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Review Roundup - Aaron Tveit Stars in CBS's BRAINDEAD, Premiering Tonight

CBS's new series BRAINDEAD, starring Aaron Tveit and Nikki M. James, premieres tonight, Monday, June 13 from 10:00-11:00 PM, ET/PT. The comic-thriller is set in the world of Washington, D.C. politics and follows Laurel, a young, fresh-faced Hill staffer who discovers two things: the government has stopped working, and bugs are eating the brains of Congress members and Hill staffers. The daughter of a Democratic political dynasty who left Washington, D.C. to become a documentary filmmaker, Laurel is pulled back into THE FAMILY business when her brother, Luke, the Democratic whip Senator from Maryland, needs her help running his Senate office. On the Hill, Laurel becomes unlikely friends with Gareth, the smart, hardworking Legislative Director to a top Republican, Senator Red Wheatus.

Her other allies include Gustav, an eccentric genius who is the first in D.C. to recognize that something sinister is attacking the Capitol, and Rochelle, a medical student who teams up with Laurel and Gustav to protect and defend the citizens of D.C. from an untimely fate. As the tiny bugs continue to multiply, Laurel and her allies must work quickly to identify the other-worldly creatures, stop their infiltration and ultimately save the world.

Let's see what the critics have to say:

James Poniewozik, The New York Times: "BrainDead" is a fun summer experiment, with a loopy, I-can't-believe-this-got-on-CBS charm. It's sci-fi, it's comedy, it's political commentary. But it's also about as nuanced as an ant COLONY lodged in your cranium.

Liz Raftery, TV Guide: It's unclear how long BrainDead will be able to keep up its goofy premise, which sounds more suited to a movie than a TV series. The Kings have talked about having a four-year plan for the show, which has thus far only been picked up for one 13-episode summer run by CBS. But regardless of how long the show lasts, they'll have plenty of real-life political fodder to turn to for inspiration.

Allison Keene, Collider: Fans of THE GOOD WIFE will find a lot of familiar aspects (and cast members) inBrainDead, which essentially is built on that former show's subplots and quirkier aspects. For those who didn't watch The Good Wife, the show did politics exceptionally well...the same carries over toBrainDead, where characters are constantly on their phones or computers in way that feels natural and timely.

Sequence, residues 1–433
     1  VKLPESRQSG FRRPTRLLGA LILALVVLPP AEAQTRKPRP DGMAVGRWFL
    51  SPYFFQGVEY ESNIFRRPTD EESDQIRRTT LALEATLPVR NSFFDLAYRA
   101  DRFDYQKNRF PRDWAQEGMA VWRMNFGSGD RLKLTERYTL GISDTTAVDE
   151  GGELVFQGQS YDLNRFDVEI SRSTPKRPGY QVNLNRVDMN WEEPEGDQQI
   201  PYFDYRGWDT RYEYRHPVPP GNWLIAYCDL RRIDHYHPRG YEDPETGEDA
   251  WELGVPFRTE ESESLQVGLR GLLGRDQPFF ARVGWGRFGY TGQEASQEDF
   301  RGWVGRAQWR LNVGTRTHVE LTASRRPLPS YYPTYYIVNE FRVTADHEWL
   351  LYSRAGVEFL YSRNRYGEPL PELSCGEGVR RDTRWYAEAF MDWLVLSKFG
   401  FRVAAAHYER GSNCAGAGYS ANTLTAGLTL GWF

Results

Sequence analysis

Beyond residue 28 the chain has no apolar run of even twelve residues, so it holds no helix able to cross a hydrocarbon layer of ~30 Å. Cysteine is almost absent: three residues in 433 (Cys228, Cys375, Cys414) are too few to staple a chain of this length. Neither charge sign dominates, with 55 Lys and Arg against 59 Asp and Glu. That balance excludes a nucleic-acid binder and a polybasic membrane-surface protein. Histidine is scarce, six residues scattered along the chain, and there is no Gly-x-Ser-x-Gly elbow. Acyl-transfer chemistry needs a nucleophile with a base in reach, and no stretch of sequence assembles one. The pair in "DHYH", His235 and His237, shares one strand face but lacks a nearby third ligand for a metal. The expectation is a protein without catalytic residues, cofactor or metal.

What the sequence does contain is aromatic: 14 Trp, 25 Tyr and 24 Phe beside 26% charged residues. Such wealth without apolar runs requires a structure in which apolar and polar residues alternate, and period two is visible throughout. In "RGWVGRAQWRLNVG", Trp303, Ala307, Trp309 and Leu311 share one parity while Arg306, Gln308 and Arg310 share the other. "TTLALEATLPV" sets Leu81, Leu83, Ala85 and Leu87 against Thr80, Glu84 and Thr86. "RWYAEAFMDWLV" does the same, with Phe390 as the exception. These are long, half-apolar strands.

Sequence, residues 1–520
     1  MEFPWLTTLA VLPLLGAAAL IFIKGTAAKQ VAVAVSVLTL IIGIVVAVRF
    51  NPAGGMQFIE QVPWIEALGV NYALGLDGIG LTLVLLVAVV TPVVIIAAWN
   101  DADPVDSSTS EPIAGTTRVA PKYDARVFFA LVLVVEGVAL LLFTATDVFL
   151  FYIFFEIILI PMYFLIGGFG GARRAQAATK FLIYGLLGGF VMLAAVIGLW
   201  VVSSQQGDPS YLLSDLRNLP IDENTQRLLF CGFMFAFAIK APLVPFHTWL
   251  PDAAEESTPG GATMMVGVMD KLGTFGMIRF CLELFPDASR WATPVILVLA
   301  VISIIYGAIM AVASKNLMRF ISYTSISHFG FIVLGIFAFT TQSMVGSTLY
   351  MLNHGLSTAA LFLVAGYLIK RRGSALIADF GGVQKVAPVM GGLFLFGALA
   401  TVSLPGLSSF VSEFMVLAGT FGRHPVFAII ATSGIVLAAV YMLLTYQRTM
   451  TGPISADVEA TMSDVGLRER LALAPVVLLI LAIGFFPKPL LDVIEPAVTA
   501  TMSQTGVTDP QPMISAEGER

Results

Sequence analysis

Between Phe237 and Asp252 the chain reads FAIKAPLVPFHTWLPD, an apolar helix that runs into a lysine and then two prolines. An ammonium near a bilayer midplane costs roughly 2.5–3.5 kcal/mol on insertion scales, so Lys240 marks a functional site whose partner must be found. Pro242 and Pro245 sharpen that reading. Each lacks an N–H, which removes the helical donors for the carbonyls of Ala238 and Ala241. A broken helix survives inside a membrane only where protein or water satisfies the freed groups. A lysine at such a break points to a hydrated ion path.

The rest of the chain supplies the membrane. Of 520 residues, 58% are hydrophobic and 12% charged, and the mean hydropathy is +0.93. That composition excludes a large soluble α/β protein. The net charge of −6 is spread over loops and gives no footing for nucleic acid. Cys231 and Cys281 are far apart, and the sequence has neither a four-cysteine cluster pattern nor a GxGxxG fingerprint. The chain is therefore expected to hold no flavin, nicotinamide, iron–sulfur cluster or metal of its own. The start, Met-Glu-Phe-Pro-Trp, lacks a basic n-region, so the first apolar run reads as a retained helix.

Michael Slezak, TV Line: Here's something troubling about BrainDead, CBS' new political dramedy from THE GOOD WIFE creators Robert and Michelle King: After watching three hour-long episodes, I can honestly say I wouldn't be upset in the slightest if any of the central characters fell victim to the alien bugs feasting on the brains of Washington, D.C., POWER PLAYERS and turning 'em all into deeply uncompromising, rabidly partisan monsters.

Jeff Jensen, EW: The satire is as thin as Donald Trump's skin. And the pilot commits the sin of a wimpy climax. It ends on a major reversal of fortune and an ominous development, but neither land with much force. I wasn't left super-confident that the Kings have enough imagination to sustain this enterprise. But I liked it enough to find out.

Dominic Patten, Deadline: The 13-episode Mary Elizabeth Winstead-led series is also full of tax proms, jockeying for power, love across party lines, exploding heads, an old tune from The Cars and... the terrible feeling we all have that something is really wrong in Washington D.C. - 'cause it is here, in a very bloody, alien bug-farting and distinctly non-bipartisan way.

Joshua Alston, AV Club: [THE GOOD WIFE's] Robert King and Michelle King return with a madcap sci-fi comedy about alien critters that burrow into the brains of congressional leaders, forcing them to become obstructionist automatons. It's a clumsy, on-the-nose metaphor for D.C. gridlock, but the show is infused with enough giddiness and mischief that to point out the obviousness of its underlying themes would be... well, obvious.

Robert Bianco, USA Today: There are amusing moments, some provided by Laurel's exchanges with Gustav, an eccentric genius played by Johnny Ray Gill. And there is some plot-driven interest in seeing who the bugs eat next and what their ultimate goal might be. Whether that's enough to pull you in depends on how desperate you are for something to watch, and how willing you are to stumble clumsily through the halls of Congress.

Watch a preview for tonight's premiere episode below:

Photo: Jeff Neumann//CBS

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